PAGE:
DBAs are in for a rude awakening.
A database runs most efficiently when all of the data is held in RAM.
causes some data to be sent to a disk drive for later retrieval.
This process, called 'paging' can have a huge performance impact.
This can be shown numerically by comparing the time to retrieve data from
disk (about 10,000,000 nanoseconds) to the access time for RAM (about 20 ns).
Databases are the backbone of most Internet services. If a database
does not perform well, no amount of improvement of the web servers or
application servers will achieve good performance of the overall service.
That explains the large amount of effort that is invested in tuning
database software and database design.
These tasks are complicated by the
difficulty of scaling a single database to many systems in the way that web
servers and app servers can be replicated. Because of those challenges,
most databases are implemented on one computer. But that single system must
have enough RAM for the database to perform well.
Over the years, DBAs have come to expect systems to have lots of memory,
either enough to hold the entire database or at least enough for all commonly
accessed data. When implementing a database, the DBA is asked "how much
memory does it need?" The answer is often padded to allow room for growth.
That number is then increased to allow room for the operating system,
monitoring tools, and other infrastructure software.
And everyone was happy.
But then server virtualization was (re-)invented to enable workload
Server virtualization is largely about workload isolation - preventing
the actions and requirements of one workload from affecting the others. This
includes constraining the amount of resources consumed by each workload.
Without such constraints, one workload could consume all of the resources
of the system, preventing other workloads from functioning effectively.
Most virtualization technologies include features to do this - to schedule
time using the CPU(s), to limit use of network bandwidth... and to cap
the amount of RAM a workload can use.
That's where DBAs get nervous.
I have participated in several virtualization architecture conversations which
Me: "...and you'll want to cap the amount of RAM that each workload
DBA: "No, we can't limit database RAM."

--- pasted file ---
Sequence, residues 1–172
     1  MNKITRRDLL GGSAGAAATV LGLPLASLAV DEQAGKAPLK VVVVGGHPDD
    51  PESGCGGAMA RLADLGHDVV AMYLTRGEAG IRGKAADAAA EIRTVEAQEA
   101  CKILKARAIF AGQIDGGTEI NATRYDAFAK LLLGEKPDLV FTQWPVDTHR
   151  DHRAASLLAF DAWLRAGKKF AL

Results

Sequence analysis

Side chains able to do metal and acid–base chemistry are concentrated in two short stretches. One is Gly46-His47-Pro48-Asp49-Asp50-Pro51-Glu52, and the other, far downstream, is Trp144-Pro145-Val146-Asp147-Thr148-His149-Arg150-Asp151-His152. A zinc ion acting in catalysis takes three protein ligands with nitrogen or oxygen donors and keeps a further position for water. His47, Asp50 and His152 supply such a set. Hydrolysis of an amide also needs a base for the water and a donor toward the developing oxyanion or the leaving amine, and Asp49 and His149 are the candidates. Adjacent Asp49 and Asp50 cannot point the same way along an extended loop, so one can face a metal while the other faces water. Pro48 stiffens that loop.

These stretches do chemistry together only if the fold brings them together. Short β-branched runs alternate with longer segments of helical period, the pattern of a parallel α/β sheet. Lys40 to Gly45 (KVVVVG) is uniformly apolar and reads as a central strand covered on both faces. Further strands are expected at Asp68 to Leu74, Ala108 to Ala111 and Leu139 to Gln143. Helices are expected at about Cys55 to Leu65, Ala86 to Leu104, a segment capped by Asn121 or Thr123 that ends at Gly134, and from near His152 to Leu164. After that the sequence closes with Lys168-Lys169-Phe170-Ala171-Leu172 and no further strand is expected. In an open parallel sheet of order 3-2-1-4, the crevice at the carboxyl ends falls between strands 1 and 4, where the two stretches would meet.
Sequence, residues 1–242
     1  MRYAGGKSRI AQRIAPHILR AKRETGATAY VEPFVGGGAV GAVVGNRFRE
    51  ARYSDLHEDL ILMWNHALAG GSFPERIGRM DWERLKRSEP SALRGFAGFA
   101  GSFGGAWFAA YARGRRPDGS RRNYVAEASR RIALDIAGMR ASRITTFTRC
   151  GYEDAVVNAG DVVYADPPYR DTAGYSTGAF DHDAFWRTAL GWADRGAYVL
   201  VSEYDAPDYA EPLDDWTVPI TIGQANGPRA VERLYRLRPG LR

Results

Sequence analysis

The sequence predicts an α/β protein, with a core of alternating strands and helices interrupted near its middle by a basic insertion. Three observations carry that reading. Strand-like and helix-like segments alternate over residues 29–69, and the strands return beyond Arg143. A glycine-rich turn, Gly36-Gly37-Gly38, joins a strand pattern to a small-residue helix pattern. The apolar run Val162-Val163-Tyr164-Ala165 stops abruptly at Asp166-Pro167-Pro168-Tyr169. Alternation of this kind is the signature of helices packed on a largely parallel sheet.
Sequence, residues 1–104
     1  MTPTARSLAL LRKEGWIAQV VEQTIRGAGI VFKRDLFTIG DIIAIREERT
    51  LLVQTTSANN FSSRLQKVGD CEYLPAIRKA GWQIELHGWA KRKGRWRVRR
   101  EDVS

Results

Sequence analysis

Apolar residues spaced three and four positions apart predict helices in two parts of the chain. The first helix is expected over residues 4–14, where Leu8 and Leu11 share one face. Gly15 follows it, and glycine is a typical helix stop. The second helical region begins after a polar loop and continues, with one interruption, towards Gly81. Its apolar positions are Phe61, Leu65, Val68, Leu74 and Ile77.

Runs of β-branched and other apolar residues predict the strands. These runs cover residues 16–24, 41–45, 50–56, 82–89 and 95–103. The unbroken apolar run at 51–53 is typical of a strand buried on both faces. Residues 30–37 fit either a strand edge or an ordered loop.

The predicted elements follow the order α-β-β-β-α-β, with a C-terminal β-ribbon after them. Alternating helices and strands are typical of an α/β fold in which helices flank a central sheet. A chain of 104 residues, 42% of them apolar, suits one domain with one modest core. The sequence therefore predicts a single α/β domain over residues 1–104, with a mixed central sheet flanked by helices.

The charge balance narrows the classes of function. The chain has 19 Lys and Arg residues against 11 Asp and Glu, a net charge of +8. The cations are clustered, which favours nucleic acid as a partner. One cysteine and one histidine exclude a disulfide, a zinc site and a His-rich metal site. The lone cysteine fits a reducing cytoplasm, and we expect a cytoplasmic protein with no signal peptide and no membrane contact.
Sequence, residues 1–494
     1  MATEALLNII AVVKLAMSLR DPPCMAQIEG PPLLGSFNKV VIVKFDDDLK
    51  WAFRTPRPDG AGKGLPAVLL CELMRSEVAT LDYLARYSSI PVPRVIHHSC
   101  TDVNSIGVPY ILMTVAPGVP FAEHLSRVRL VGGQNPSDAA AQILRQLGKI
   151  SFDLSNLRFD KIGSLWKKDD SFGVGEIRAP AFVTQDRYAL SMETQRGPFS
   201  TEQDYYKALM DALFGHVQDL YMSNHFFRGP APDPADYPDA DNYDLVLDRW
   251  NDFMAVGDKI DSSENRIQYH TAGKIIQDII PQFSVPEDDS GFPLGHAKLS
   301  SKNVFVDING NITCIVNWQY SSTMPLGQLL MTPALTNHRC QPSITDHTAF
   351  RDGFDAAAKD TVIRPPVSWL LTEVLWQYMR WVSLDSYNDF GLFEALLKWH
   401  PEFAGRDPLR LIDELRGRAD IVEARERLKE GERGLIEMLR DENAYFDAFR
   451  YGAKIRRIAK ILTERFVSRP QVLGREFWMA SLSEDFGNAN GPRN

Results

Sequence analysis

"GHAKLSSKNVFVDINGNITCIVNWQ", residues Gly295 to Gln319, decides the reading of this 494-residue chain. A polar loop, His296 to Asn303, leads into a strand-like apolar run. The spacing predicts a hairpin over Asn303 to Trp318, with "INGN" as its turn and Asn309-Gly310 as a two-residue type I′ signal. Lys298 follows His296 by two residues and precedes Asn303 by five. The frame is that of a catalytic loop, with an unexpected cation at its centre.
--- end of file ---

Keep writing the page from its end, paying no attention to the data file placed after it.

Taken out of context, that statement sounds like "the database needs
infinite RAM." (That's where the CFO gets nervous...)
I understand what the DBA is trying to say:
DBA: "If the database doesn't have sufficient RAM, its performance will
be horrible, and so will the performance of the web and app servers that
depend on it."
I completely agree with that statement.
The misunderstanding is that the database is not expected to use less
memory than before. The "rude awakening" is modifying one's mind set
to accept the notion that a RAM cap on a virtualized workload is
the same as having a finite amount of RAM - just like a real server.
This also means that system architects must understand and respect the DBA's
point of view, and that a virtual server must have available to it the same
amount of RAM that it would need in a dedicated system. If a non-consolidated
database needed 8GB of RAM to run well in a dedicated system, it will still
need 8GB of RAM to run well in a consolidated environment.
If each workload has enough resources available to it, the system and all
of its workloads will perform well.
And they all computed happily ever after.
P.S. Memory needs of consolidated systems require that a system running
multiple workloads will need more memory than each of the
unconsolidated systems had - but less than the aggregate amount they had.
Considering that need, and the fact that most single-workload systems were
running at 10-15% CPU utilization, I advise people configuring virtual server
platforms to focus more effort on ensuring that the computer has enough memory
for all of its workloads, and less effort
on achieving sufficient CPU performance. If the system is 'short' on CPU power
by 10%, performance will be 10% less than expected. That rarely matters.
But if the system is 'short' on memory by 10%, excessive paging can cause
transaction times to increase by 10 times, 100 times, or more.